Cultural Survival Launches Campaign to Protect Huichol Indians’ Sacred Lands From Massive Mining Project

Xitaima and son in Wirikuta - Photograph ©Juan Negrín 1978 - 2018

Xitaima and son in Wirikuta - Photograph ©Juan Negrín 1978 - 2018

The human rights organization Cultural Survival is campaigning to prevent a massive silver mining project from desecrating the Wirikuta Cultural and Ecological Reserve near the historic mountain town of Real de Catorce, Mexico. The mining project, planned by First Majestic Silver Corporation of Vancouver, would redevelop an abandoned, centuries-old silver mine in an area that is held sacred by the Huichol Indigenous people.

Despite Wirikuta’s protected status and its designation as a UNESCO Historic and Cultural Heritage Site, the Mexican government granted 22 mining concessions covering 15,631 acres to the Canadian mining company. Seventy percent of these concessions lie within the Wirikuta protected area.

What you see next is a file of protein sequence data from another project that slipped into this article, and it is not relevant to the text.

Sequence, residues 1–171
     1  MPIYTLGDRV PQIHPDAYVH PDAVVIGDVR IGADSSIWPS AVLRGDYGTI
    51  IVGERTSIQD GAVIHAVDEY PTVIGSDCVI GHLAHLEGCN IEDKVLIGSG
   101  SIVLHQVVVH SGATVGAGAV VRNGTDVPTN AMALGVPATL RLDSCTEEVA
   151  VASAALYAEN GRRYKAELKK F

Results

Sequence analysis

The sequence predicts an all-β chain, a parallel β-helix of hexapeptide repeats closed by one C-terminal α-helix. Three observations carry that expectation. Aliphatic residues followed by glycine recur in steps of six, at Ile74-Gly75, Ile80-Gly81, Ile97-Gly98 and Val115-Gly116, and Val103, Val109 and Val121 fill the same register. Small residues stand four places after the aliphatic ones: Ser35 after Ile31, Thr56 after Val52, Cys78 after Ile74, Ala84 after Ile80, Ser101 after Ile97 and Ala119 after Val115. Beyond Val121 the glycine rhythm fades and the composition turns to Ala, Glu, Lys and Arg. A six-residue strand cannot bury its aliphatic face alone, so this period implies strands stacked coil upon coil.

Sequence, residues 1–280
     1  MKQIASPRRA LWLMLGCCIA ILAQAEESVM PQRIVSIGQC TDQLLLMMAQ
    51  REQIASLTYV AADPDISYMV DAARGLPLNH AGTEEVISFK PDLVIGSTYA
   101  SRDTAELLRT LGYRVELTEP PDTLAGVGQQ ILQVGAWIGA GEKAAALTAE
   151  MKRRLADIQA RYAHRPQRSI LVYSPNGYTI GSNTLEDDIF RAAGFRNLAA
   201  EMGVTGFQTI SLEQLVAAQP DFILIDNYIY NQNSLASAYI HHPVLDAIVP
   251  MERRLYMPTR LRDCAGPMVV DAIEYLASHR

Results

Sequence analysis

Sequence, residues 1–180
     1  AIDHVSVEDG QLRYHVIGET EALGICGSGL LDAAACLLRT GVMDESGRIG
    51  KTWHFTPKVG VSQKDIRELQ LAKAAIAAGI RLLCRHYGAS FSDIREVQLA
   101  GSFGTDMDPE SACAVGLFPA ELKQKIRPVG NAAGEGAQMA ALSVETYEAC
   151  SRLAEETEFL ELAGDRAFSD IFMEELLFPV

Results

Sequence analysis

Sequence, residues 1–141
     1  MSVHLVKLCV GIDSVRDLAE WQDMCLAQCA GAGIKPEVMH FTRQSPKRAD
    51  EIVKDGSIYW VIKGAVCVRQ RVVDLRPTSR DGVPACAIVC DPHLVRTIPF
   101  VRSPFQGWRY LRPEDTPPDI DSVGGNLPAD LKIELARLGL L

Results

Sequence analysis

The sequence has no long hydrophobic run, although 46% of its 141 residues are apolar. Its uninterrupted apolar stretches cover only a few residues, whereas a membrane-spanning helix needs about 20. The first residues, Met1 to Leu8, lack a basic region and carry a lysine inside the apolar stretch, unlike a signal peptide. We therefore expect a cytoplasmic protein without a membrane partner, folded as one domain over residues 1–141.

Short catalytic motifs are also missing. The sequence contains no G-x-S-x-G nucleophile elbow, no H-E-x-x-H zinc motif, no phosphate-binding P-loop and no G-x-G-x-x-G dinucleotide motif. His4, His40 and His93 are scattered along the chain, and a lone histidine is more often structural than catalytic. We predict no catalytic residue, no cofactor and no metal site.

For more than a thousand years, Mexico’s Huichol people (or the Wixárika in their own language) have made an annual 300-mile pilgrimage from their ceremonial centers in the Sierra Madre Mountains across the central highlands of Mexico to Wirikuta. Following the path of their ancestors, they conduct religious ceremonies at a series of sacred sites until they reach their destination, the sacred mountain Leunar, which is at the geographical center of First Majestic’s mining concessions.

“If this mine comes,” says Alejandro López de la Torre, a Wixárika traditional authority, “what will happen to all of us? They will privatize the land and put up fences to keep us out.”  To continue reading follow link below.

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